The growing popularity of beach huts can be frustrating for lifeguards who monitor the coast, but the Cancer Council says it’s a sign that more people are sheltering from the sun, but warns that UV radiation can still affect those under shelter.
- Anne Crust of the Cancer Council says the growing number of beachy shades is encouraging.
- She warns that bathers need to use other methods of sun protection as well.
- More people die from skin cancer than road traffic accidents in Queensland each year
Chair of the council’s skin cancer committee, Professor Anne Cust, said bringing portable shade during a visit to the beach was a good option, but people should take extra precautions.
“Portable shade or existing structures are a great way to protect yourself from the dangers of UV radiation,” said Professor Cust.
“But it’s just one of the things we can do to stay safe in the sun. You’ll still get some UV radiation from the glare.
“You still have to do the other aspects of sliding, tilting, slapping, seeking and sliding.”
Along with looking for shade, this also includes wearing protective clothing, putting on sunscreen, putting on a hat, and putting on some sunglasses.
Huts foiling lifeguards
Queensland surf lifeguards said shelters set up too close together on crowded beaches were making shore access difficult and blocking visibility.
“We are very happy to see people using beach huts for shade, but obviously it is a concern if the lifeguards cannot see people,” said Professor Cust.
“Hopefully they can figure out a way to safely monitor people in the water while people are still using beach huts.
“We have so many beaches in Australia. I hope there’s enough space for everyone.”
Professor Cust added that bathers should be careful that the huts do not cause them to spend too much time exposed to the elements.
“They definitely need to use other forms of sun protection because they are still being exposed to some UV radiation and, of course, they don’t spend all their time under the hut.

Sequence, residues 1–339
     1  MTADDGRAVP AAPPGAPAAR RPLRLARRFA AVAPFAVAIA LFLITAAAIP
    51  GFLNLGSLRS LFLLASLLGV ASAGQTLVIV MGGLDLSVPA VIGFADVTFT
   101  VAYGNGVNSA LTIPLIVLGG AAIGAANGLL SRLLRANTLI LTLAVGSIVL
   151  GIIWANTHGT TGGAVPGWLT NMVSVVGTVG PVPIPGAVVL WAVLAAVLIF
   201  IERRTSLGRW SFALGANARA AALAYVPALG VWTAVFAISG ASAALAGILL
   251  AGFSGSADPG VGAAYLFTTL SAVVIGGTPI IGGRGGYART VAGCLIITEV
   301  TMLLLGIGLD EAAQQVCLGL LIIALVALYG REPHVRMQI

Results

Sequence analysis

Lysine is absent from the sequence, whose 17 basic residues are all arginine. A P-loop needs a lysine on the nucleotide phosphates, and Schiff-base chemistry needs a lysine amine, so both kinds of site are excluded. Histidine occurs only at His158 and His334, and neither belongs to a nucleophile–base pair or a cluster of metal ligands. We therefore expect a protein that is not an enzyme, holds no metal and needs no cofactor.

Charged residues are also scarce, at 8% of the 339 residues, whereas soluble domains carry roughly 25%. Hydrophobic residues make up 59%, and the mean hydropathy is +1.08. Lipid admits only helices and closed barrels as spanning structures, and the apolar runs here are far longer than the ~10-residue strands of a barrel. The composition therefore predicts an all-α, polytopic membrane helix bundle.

“[They’re] swim on the beach.”
calls to action
Australia has the highest skin cancer rates in the world, with over 2,000 people dying from the preventable disease each year.
The disease is estimated to cost the Australian healthcare system over $1.7 billion a year.
But while Australia leads the way in skin cancer rates globally, Queensland is the country’s capital for the disease.
The situation is so bad that more Queenslanders die from skin cancer than road traffic accidents each year, with skin cancer rates around 40% higher than in the rest of Australia.
This led scientists at the QIMR Berghofer Medical Research Institute and the University of Queensland to set a target of reducing the incidence of skin cancer by 5% by 2030 and 25% by 2050.
They aim for around half of all Queenslanders to apply sunscreen daily and wear a wide-brimmed hat outdoors.
They also want a 20% reduction in the percentage of people who report sunburn.
Queensland Co-Chair of Skin Cancer Prevention Professor Rachel Neale said the targets were ambitious but there were signs that skin cancer rates were stabilizing among some age groups.
But she said more needs to be done to promote solar safety messages.
“We run the risk that if we don’t continue, this plateau will stop and we could see it rise again,” said Professor Neale.
“We need to make sure we continue with that message now.”
She said the three groups of greatest concern are teenagers, outdoor workers and sports people.
“There’s a lot that needs to be done there,” said Professor Neale.